Being double-jabbed almost halves the likelihood of long Covid in adults who get coronavirus, a new study has suggested.
Researchers at King’s College London also said that being admitted to hospital with the virus was 73 per cent less likely, and the chances of severe symptoms were reduced by almost a third (31 per cent) in the fully vaccinated.
The team analysed data from more than two million people logging their symptoms, tests and vaccine status on the UK Zoe Covid Symptom Study app between December 8 2020 and July 4 this year.
Some 6,030 app users reported testing positive for Covid-19 at least 14 days after their first vaccination but before their second, while 2,370 reported testing positive at least seven days after their second dose.
Researchers at King’s College London also said that being admitted to hospital with the virus was 73 per cent less likely, and the chances of severe symptoms were reduced by almost a third (31 per cent) in the fully vaccinated
The most common symptoms, such as loss of smell, a cough, fever, headaches and fatigue, were milder and less frequently reported by people who were jabbed, the study suggested.
They also said people were half as likely to get multiple symptoms in the first week of illness.
Sneezing was the only symptom more common in those who had a first dose compared with those who had none.
People aged 60 or older who had both doses of a vaccine were more likely to have no symptoms at all than those who had not been jabbed, the study suggested.
The research, published in the Lancet, said: ‘We found that the odds of having symptoms for 28 days or more after post-vaccination infection were approximately halved by having two vaccine doses.
‘This result suggests that the risk of long Covid is reduced in individuals who have received double vaccination, when additionally considering the already documented reduced risk of infection overall.’
WHAT ARE THE SYMPTOMS OF LONG COVID?
Most coronavirus patients will recover within a fortnight, suffering a fever, cough and losing their sense of smell or taste for several days.
However, evidence is beginning to show that the tell-tale symptoms of the virus can persist for weeks on end in ‘long haulers’ — the term for patients plagued by lasting complications.
Data from the Covid Symptom Study app, by King’s College London and health company Zoe, suggests one in ten people may still have symptoms after three weeks, and some may suffer for months.
Long term symptoms include:
- Chronic tiredness
- Raised heart rate
- Loss of taste/smell
- Kidney disease
- Mobility issues
- Muscle pains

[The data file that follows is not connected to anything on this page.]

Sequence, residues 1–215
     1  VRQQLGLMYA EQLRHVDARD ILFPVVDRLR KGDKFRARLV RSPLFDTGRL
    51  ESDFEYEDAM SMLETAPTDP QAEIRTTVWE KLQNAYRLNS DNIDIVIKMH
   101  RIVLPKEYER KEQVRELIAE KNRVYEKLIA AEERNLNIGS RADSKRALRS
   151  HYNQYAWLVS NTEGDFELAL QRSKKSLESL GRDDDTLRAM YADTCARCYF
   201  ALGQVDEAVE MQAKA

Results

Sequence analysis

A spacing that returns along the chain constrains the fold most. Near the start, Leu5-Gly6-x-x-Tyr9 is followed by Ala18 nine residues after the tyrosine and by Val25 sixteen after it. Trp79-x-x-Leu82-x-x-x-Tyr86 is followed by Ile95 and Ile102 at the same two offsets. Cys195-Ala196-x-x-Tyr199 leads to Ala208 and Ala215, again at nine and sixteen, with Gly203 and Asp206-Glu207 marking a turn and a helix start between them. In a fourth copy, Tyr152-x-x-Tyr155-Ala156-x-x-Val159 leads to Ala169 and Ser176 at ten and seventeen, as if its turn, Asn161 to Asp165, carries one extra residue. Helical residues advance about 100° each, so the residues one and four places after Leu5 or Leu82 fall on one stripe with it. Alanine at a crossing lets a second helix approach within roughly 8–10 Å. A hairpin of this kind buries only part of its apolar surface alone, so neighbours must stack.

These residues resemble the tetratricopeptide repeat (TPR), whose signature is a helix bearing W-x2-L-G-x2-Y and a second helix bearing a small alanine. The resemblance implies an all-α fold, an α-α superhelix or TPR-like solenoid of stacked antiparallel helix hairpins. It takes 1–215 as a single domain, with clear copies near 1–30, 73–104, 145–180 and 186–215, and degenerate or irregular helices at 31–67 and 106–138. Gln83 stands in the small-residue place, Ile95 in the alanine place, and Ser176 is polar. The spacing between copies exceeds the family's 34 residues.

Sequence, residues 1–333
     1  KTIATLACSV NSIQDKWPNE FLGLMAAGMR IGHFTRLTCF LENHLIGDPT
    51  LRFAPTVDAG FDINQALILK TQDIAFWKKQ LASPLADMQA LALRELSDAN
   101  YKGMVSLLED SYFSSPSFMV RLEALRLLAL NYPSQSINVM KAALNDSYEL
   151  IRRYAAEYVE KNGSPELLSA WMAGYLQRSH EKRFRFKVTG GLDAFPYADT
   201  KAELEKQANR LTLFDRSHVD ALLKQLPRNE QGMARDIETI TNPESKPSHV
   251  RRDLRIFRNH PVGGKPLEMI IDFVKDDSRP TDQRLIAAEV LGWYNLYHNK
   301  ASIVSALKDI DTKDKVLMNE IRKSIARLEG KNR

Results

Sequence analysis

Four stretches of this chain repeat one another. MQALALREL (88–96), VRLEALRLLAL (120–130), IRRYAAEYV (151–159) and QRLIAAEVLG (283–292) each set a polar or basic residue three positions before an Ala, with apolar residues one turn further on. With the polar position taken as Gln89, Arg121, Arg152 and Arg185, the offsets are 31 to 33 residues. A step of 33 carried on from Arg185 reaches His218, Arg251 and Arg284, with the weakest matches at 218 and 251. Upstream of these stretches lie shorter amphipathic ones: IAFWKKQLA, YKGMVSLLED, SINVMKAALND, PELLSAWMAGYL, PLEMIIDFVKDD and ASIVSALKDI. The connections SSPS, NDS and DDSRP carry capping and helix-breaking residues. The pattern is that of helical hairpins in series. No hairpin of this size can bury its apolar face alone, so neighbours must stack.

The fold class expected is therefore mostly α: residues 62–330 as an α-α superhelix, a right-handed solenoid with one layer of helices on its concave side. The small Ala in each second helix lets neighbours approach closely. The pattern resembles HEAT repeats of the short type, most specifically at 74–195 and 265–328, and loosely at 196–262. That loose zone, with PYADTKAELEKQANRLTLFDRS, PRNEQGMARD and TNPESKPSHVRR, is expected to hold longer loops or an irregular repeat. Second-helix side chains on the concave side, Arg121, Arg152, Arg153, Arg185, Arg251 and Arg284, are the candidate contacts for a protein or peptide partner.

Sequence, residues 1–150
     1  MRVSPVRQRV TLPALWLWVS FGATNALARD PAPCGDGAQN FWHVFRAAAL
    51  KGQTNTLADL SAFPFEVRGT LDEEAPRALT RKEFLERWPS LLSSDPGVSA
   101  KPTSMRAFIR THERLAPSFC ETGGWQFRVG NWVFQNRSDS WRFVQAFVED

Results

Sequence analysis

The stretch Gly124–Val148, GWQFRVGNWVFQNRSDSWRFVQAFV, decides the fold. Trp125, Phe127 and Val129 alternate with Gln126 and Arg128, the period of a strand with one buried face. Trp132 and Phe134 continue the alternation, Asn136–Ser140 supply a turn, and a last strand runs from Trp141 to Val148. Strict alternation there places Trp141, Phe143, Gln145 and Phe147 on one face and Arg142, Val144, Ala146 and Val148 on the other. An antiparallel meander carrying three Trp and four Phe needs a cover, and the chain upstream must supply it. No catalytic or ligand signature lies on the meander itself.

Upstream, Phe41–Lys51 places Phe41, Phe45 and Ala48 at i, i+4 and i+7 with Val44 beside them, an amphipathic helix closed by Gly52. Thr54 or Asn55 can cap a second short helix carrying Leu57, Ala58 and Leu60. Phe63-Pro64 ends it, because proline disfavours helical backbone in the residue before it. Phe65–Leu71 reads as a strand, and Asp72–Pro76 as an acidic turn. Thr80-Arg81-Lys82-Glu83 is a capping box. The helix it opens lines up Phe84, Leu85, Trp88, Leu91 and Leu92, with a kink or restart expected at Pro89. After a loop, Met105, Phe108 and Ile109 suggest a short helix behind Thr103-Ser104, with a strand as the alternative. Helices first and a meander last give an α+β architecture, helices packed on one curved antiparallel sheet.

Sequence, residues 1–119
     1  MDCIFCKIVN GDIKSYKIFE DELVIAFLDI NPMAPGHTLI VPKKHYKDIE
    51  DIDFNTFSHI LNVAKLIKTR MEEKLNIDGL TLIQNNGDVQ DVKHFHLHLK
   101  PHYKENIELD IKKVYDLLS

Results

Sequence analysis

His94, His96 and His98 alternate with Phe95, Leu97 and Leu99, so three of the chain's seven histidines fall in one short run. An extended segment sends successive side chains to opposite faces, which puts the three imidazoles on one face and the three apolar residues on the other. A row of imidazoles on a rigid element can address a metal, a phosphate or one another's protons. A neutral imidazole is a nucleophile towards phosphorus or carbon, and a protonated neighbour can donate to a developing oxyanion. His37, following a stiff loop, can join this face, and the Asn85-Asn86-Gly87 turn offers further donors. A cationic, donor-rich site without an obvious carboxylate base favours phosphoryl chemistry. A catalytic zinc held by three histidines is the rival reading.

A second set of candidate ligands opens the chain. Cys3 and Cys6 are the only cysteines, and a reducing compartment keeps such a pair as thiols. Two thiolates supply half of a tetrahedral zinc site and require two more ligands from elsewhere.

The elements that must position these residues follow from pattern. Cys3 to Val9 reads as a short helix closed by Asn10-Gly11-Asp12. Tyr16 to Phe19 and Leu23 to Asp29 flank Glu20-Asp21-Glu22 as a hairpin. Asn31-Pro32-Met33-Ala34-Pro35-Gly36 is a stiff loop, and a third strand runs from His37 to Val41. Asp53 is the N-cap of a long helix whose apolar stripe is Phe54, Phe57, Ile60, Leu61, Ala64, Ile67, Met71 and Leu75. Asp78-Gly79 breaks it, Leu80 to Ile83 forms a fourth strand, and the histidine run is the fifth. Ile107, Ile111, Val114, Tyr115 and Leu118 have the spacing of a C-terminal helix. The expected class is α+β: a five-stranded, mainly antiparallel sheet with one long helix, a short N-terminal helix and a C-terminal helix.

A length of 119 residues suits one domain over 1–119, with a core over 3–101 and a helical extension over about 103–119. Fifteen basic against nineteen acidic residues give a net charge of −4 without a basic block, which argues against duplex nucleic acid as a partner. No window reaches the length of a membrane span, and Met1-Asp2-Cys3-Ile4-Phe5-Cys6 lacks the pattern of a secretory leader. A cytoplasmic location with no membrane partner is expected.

For those with more severe disease, Italian researchers who tracked 143 people who had been hospitalised with the disease found almost 90 per cent still had symptoms including fatigue two months after first falling unwell.
The most common complaints were fatigue, a shortness of breath and joint pain – all of which were reported during their battle with the illness.
It added: ‘Almost all individual symptoms of Covid-19 were less common in vaccinated versus unvaccinated participants, and more people in the vaccinated than in the unvaccinated groups were completely asymptomatic.’
The research team said their data suggested that frail, older adults and people living in more deprived areas were still at an increased risk but that the effects of the virus appeared to be less severe in those who are vaccinated.
They said their findings were relevant ‘for health policies post-vaccination, and highlight the need to balance personal protective measures in those at risk of post-vaccination infection with the adverse effects from ongoing social restrictions’.
They added: ‘Strategies such as timely prioritisation of booster vaccinations and optimised infection control measures could be considered for at-risk groups.
‘Research is also needed on how to enhance the immune response to vaccination in those at higher risk of post-vaccination infection.’
Professor Tim Spector from King’s College, and lead investigator of the Zoe Covid study, said: ‘Vaccinations are massively reducing the chances of people getting long Covid in two ways.
‘Firstly, by reducing the risk of any symptoms by eight- to 10-fold and then by halving the chances of any infection turning into long Covid, if it does happen.
‘Whatever the duration of symptoms, we are seeing that infections after two vaccinations are also much milder, so vaccines are really changing the disease and for the better. We are encouraging people to get their second jab as soon as they can.’
The lead researcher, Dr Claire Steves, also from King’s College, said the good news was that being double jabbed ‘significantly reduces the risk of both catching the virus and, if you do, [of] developing long-standing symptoms’.
But she added: ‘Among our frail, older adults and those living in deprived areas the risk is still significant and they should be urgently prioritised for second and booster vaccinations.’
The Health Secretary, Sajid Javid, said: ‘This research is encouraging, suggesting vaccines are not only preventing deaths but could also help prevent some of the longer-lasting symptoms.
‘We have invested £50 million in research to better understand the lasting effects of Covid and over 80 long-Covid assessment services have opened across England as part of a £100 million expansion of care for those suffering the effects.
‘It is clear vaccines are building a wall of defence against the virus and are the best way to protect people from serious illness. I encourage everyone who is eligible to come forward for both their jabs as quickly as possible.’